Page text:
2016 MLB rookie crop

Posted On March 2, 2016 at 9:13 pm by / No Comments

The 2016 MLB rookie crop will be fun to watch, given the enormous crop of talent that either barely exhausted their rookie status in 2015, or will make their debut in 2016. Depending on how things shake out for each player and their respective team, the race for each league’s rookie of the year could be wide open.


Let’s take a look at the some of the top rookies heading to the big leagues this year:


  1. Corey Seager, SS, Dodgers


The hyperbole train has already left the station when it comes to Seager, with some people calling him “The Phenom” and “The Can’t Miss Kid” after he beat out veteran shortstop Jimmy Rollins for the starting job last September, and got off to a monster start during his 113 plate appearances at the end of last year. In September (and the first four days of October), Seager led the Dodgers in hits, runs, RBI, doubles, home runs, batting average, OPS, wOBA (.421) and was second in both on-base percentage and slugging percentage. He only had one game — at the end of September — where he didn’t reach base by a hit or a walk. He’s bright, he’s mature, and he’s got special tools: his glove is good, but his bat is even better. He’ll be the centerpiece of the Dodgers attempts to get younger.


  1. Byron Buxton, OF, TwinsHe’s still technically a prospect — he’s only 22 years old and has played in only 46 big-league games — and it’s still more about what he can be versus what he’s shown, but Buxton has one of the highest upsides of any prospect this year. He’s plus-plus defender, and boasts elite speed on the bases. With the bat, Buxton has some swing-and-miss in his game, but he can do damage on balls in play, and he’s got on-base skills. Even if the bat doesn’t develop as hoped, Buxton will provide enough value on the field and on the bases to be a useful regular for years to come. There are some questions as to whether he’ll be ready for the full time job this early, but he was the consensus top prospect in all of baseball for two years running, so it’s time to see what he can do.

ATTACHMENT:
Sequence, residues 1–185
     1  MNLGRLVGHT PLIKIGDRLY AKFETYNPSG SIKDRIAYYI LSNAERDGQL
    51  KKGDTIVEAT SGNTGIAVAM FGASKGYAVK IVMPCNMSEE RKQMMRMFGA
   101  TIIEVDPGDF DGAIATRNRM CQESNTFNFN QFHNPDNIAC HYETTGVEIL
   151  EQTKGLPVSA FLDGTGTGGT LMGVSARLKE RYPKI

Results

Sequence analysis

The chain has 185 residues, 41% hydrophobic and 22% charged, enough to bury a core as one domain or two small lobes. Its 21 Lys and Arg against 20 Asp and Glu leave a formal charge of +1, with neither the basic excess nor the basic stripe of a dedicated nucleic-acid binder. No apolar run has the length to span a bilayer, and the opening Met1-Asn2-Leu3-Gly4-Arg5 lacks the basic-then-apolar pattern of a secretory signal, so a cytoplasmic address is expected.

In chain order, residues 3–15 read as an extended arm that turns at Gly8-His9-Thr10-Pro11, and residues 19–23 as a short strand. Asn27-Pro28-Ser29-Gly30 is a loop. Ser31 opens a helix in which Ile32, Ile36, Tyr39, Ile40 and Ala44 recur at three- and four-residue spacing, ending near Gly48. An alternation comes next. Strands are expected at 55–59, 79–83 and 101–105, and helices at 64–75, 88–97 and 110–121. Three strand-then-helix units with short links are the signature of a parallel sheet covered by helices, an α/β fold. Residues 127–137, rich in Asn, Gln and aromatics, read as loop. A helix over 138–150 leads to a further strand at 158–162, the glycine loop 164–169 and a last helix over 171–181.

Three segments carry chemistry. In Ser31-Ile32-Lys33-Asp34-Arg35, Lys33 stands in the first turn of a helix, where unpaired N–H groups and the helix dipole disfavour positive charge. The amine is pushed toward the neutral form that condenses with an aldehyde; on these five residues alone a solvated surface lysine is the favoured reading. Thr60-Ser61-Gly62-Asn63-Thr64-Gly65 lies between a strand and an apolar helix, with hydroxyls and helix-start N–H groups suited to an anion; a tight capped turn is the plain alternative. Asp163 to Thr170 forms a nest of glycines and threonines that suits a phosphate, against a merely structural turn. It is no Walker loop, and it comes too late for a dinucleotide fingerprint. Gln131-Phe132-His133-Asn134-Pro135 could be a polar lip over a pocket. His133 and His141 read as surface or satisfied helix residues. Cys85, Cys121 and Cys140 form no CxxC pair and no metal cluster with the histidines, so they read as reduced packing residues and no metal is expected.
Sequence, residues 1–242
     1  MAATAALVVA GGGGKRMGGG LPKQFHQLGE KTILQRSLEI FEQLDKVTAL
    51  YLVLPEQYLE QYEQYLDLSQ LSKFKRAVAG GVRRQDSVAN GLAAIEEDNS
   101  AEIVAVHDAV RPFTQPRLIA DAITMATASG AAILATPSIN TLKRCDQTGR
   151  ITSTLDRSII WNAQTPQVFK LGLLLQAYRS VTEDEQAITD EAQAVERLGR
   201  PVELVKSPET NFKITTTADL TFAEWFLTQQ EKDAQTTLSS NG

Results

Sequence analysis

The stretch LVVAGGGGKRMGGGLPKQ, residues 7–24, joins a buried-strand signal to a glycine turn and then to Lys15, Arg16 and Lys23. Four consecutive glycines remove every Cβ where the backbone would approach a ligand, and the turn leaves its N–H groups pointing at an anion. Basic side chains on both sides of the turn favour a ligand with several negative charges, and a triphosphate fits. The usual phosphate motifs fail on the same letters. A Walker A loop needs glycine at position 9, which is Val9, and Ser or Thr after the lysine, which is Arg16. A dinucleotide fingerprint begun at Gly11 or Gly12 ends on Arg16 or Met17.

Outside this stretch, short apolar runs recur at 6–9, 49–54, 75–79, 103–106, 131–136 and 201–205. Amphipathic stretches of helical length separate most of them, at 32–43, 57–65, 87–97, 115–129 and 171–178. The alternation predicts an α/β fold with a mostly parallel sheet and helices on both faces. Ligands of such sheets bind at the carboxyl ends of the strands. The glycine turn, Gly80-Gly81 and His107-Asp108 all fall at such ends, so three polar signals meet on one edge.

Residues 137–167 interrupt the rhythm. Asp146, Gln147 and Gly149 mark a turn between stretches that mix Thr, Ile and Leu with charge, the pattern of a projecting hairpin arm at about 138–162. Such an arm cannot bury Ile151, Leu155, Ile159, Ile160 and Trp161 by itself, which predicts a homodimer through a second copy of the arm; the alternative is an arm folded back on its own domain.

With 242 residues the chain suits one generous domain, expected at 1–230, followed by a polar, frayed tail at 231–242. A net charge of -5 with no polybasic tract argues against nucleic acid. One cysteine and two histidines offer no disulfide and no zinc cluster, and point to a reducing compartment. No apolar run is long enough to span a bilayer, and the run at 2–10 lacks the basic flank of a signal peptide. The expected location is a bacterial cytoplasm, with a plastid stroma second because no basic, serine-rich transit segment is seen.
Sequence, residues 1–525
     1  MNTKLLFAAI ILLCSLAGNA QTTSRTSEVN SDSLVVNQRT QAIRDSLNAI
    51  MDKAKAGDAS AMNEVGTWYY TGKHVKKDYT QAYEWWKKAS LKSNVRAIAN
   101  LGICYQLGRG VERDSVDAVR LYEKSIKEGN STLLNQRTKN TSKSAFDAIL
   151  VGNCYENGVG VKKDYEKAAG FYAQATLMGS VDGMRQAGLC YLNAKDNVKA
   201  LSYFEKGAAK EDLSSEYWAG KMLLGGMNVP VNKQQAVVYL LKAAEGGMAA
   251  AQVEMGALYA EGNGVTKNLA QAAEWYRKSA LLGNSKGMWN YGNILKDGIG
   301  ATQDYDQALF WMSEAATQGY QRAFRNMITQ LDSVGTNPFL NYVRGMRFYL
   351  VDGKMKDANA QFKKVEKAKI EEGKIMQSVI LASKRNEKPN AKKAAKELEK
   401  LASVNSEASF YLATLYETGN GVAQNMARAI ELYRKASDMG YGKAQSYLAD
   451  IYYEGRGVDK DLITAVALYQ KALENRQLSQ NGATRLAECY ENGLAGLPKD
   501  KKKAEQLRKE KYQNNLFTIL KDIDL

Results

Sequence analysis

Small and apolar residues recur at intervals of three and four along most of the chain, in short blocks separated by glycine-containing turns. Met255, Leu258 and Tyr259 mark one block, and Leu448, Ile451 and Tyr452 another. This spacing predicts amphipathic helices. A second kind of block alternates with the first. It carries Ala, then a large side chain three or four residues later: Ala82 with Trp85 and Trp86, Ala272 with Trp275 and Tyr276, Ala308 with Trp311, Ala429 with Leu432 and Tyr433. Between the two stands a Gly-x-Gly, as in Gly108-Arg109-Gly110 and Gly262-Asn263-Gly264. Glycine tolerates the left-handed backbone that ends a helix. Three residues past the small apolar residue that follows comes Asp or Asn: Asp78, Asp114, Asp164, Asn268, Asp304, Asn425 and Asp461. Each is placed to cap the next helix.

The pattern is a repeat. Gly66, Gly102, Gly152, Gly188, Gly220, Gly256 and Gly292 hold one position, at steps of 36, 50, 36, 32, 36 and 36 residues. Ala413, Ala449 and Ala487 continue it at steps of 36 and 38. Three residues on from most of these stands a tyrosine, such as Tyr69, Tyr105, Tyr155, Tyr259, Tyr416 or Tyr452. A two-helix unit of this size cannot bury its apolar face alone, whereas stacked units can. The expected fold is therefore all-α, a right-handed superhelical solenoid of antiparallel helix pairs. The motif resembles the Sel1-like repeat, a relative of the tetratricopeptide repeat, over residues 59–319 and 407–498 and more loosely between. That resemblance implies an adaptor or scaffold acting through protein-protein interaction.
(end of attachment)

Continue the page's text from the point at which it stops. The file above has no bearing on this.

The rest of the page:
1. Trea Turner, SS, NationalsWith incumbent shortstop Ian Desmond likely to leave Washington as a free agent, Trea Turner looks to become the everyday shortstop for the Washington Nationals much sooner rather than later this season. At worst, he may split time with the offensively-challenged Danny Espinosa. Turner’s well-rounded offensive skill set boasts the ability to hit for average, pop a few to the gaps (40 doubles and nine triples in 185 minor-league games), and turn those long singles into doubles with his speed around the bags (his speed will be particularly appealing to Nationals’ new skipper Dusty Baker).


  1. A.J. Reed, 1B, Astros


Reed is a hulking (6-foot-4, 240-pound) legitimate left-handed power threat; the biggest question about him will be seeing him realize that power at the major league levels. As a career .324-.415-.583 hitter, he also doesn’t strike out much, which might make him that much more valuable of an addition to the current Astros roster as they try to fortify their 2015 playoff run.


  1. Jose Berrios, RHP, TwinsOne of the very best pitching prospects over the last couple of years, Berrios brings a combination of “the right stuff” and an intuitive feel to the mound. He’s got the talent, the attitude, the work ethic, the preparation, and most of any other intangible you’d need from a young pitcher to succeed. He’s going to have to earn his way into the Twins rotation this year — he’s got all the ability in the world to do so — or he could be brought along slowly as part of a six man rotation, to ensure he can properly take the workload of a full MLB season.